An American Classic: The Grand Canyon
With its rich inventory of reasonably priced lodgings and tour facilities, the Grand Canyon is available easily and enjoyably to everyone
To many Americans, this is the supreme travel experience. I have seen grown men and women cry as they caught their first glimpse of it. I have myself been misty-eyed on my tenth visit to it.
A fantastical landscape, unique in the world, an immense chasm carved by the Colorado River, its soaring multicolored walls dazzle the eyes, its immense size brings awe and wonder to visitors from every state and around the world.
Why be left out? You can join in the excitement right now, and I'll show you how to do it - and do it well - on a tight, tight budget.
Rewards for an unpretentious approach
The canyon - 277 miles long, 18 miles wide, and a mile deep - lies almost entirely within Grand Canyon National Park, which itself covers more than a million mostly wilderness acres. These are the wide, wide-open spaces of the American West. Can you see it all? Not likely. But you and family or friends can have a lot of good, inexpensive fun trying.
Few vacations anywhere are as rewarding, or affordable, as a national park trip, and Grand Canyon is no exception. You'll find lodging and dining bargains year-round - both inside the park and in nearby communities - and plenty of exciting, easy-on-the-wallet things to do. In summer, a room for two begins at about $60 a night inside the park and less than $50 outside. (Not bad at all for one of the country's most popular vacation destinations, and we'll be providing addresses and phone numbers below.) In winter, the canyon's sometimes snow-blanketed quiet time, the price drops to about $50 in and about $30 out. And these rates don't include a couple of clean and friendly bunk bed hostels, which are even cheaper. A full dinner at the park cafeteria can be enjoyed for under $10.
Once you've taken care of lodging and meals, recreational costs can be minimal - although you might want to splurge on a couple of adventure trips. Hiking, my favorite way to explore the Grand Canyon, is free. Sometimes, though, I just like to sit at the canyon's edge and watch the passing clouds cast dancing shadows on the rocks. This doesn't cost me a penny either. Outside the park, you can stroll the streets of Williams, an Old West town where the local folks stage a free gunfighters' shoot-'em-up for tourists every summer evening at 7 p.m. En route from Phoenix, the gateway to Grand Canyon country, make sure to stop for a look at the ancient Pueblo cliff dwellings of Montezuma Castle National Monument. Entrance fee: $2 per person.
Getting there-roads to the Canyon
The closest airports to south rim (favorite starting point for most people) with budget-priced flights are in Phoenix, about 220 miles away, and Las Vegas, about 165 miles. Both are served by most major airlines.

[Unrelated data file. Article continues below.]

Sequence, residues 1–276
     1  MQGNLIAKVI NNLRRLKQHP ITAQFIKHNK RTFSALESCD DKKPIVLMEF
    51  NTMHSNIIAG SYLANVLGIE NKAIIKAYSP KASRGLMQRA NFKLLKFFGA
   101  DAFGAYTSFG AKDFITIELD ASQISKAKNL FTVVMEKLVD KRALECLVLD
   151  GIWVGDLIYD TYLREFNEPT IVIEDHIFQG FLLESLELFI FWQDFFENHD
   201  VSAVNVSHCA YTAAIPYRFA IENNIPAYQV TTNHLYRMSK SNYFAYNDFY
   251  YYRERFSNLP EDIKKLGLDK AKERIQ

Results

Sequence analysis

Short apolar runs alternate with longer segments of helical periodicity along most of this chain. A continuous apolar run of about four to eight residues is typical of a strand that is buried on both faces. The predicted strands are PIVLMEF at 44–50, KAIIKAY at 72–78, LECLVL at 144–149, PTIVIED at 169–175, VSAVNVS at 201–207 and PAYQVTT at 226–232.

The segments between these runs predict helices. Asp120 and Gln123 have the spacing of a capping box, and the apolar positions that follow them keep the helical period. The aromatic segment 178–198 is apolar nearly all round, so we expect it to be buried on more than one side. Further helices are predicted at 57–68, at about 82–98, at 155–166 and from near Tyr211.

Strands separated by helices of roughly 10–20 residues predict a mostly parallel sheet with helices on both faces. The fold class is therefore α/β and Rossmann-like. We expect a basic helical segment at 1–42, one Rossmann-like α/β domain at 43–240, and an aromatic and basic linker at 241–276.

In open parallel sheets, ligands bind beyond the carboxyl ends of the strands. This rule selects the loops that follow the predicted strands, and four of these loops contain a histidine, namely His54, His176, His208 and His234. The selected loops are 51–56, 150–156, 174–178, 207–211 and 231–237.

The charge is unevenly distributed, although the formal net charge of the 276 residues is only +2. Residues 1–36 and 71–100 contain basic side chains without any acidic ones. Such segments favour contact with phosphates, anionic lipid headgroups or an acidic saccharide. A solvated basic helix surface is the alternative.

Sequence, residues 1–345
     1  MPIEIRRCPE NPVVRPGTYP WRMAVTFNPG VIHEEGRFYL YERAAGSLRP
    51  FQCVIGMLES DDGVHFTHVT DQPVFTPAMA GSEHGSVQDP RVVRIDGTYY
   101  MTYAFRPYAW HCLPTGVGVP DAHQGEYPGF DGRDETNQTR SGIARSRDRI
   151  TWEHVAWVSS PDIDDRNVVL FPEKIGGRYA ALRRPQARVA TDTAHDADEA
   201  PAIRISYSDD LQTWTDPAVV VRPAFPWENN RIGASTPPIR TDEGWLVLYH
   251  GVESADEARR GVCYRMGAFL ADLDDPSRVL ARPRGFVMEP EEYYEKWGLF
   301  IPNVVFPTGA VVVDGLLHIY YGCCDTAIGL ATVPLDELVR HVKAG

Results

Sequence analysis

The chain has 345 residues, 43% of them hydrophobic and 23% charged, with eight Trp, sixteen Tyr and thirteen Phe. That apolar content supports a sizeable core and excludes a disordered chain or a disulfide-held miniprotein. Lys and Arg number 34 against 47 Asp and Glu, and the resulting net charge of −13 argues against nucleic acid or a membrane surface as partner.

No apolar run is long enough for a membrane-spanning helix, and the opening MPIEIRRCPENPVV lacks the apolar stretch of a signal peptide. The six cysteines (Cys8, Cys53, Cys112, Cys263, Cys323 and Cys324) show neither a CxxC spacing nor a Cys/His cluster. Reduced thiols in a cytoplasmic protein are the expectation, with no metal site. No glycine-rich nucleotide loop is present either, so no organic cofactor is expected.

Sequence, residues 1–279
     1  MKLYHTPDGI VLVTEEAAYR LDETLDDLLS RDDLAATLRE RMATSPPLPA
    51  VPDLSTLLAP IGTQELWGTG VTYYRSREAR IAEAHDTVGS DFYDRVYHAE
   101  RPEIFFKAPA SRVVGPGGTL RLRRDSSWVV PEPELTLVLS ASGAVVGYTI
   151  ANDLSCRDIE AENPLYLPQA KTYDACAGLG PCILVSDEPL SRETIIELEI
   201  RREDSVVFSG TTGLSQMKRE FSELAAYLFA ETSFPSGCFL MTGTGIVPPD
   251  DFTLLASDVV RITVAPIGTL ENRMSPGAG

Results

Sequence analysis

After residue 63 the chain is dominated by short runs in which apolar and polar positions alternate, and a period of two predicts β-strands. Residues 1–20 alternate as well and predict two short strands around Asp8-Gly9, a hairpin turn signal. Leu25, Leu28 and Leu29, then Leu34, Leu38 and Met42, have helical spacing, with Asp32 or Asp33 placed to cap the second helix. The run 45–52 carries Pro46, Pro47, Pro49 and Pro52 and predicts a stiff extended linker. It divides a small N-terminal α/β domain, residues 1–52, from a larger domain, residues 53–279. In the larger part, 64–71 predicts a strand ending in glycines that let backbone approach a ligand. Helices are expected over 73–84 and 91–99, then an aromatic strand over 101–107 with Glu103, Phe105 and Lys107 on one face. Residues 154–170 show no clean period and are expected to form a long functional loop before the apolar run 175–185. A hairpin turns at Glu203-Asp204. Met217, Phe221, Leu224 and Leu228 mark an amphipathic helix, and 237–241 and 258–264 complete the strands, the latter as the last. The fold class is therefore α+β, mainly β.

While summer is the peak season for accommodations at the relatively cool south rim, car rental prices tend to drop in Phoenix, where heat and humidity make summer the off season. Rent-A-Wreck (800/828-5975) is quoting a weekly summer rate of $143.70 for a compact car with 150 free miles a day. The lot is about 20 minutes by shuttle from the airport. U-Save Auto Rental (602/267-9505) charges $139.95 for a week with unlimited mileage for travel in Arizona only and is a five-minute shuttle ride to the lot. At the airport, Budget (800/527-0700) offers a rate of $173.99 with unlimited mileage.
But if money is tight - or you're traveling solo - consider taking the bus. You don't need a car at the Grand Canyon; in summer, it can be a nuisance because of the shortage of parking spaces. Greyhound (and Amtrak) serve Flagstaff, and during the summer Nava-Hopi Tours (800/892-8687) offers two departures daily from Flagstaff (one at other times) to the south rim. Until October 1, the bus leaves Flagstaff at 7:45 a.m. and 2:30 p.m. for the two-hour trip. The return from the south rim is at 10 a.m. and 4:30 p.m. The fare is $14 each way. The Nava-Hopi office is adjacent to the Amtrak Station; it's about a half-mile by foot or taxi from Greyhound. Greyhound's round-trip fare between Phoenix and Flagstaff is $38.
How long should you stay?
Many visitors see the Grand Canyon only on a quick day-trip to the south rim. But to really get to know the place, to experience it, stick around longer - two or three days at least, a week if possible. In practical terms, you'll be getting more for your money because the memories will be lasting ones. As an overnighter, you'll be better able to take advantage of the park's excellent ranger-led educational programs - all of them free. And you will have time to catch a sunrise or sunset, when the canyon's famed colors are most vivid. (At other times of day, the bright Arizona sun often bleaches away the hues.) The $20-per-car park entrance fee, a bargain in itself, is good for seven days.